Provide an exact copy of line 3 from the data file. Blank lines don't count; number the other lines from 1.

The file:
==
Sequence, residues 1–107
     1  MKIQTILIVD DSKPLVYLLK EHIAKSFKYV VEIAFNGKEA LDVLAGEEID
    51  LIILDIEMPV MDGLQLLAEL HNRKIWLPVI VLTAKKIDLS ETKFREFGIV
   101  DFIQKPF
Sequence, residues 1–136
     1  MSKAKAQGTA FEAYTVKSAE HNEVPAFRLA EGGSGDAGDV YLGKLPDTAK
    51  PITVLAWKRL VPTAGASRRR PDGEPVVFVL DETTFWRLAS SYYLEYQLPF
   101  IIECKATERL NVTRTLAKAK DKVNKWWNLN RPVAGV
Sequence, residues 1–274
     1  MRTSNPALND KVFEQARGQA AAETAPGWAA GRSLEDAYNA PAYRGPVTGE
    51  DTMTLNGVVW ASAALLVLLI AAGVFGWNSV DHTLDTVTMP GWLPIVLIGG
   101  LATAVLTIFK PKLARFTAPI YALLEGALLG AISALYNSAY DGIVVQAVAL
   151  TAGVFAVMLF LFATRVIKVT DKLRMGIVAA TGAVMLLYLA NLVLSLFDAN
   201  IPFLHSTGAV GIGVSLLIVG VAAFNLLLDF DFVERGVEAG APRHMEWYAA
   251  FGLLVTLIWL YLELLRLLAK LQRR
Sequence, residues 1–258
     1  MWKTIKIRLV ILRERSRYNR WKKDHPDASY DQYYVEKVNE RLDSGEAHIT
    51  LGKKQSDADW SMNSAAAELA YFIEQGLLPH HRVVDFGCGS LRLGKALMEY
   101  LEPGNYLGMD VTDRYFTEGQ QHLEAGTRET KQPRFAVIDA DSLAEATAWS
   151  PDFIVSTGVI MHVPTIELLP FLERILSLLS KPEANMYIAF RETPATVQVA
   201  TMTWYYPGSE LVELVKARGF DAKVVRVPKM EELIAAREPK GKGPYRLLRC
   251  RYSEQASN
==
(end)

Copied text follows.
    51  LIILDIEMPV MDGLQLLAEL HNRKIWLPVI VLTAKKIDLS ETKFREFGIV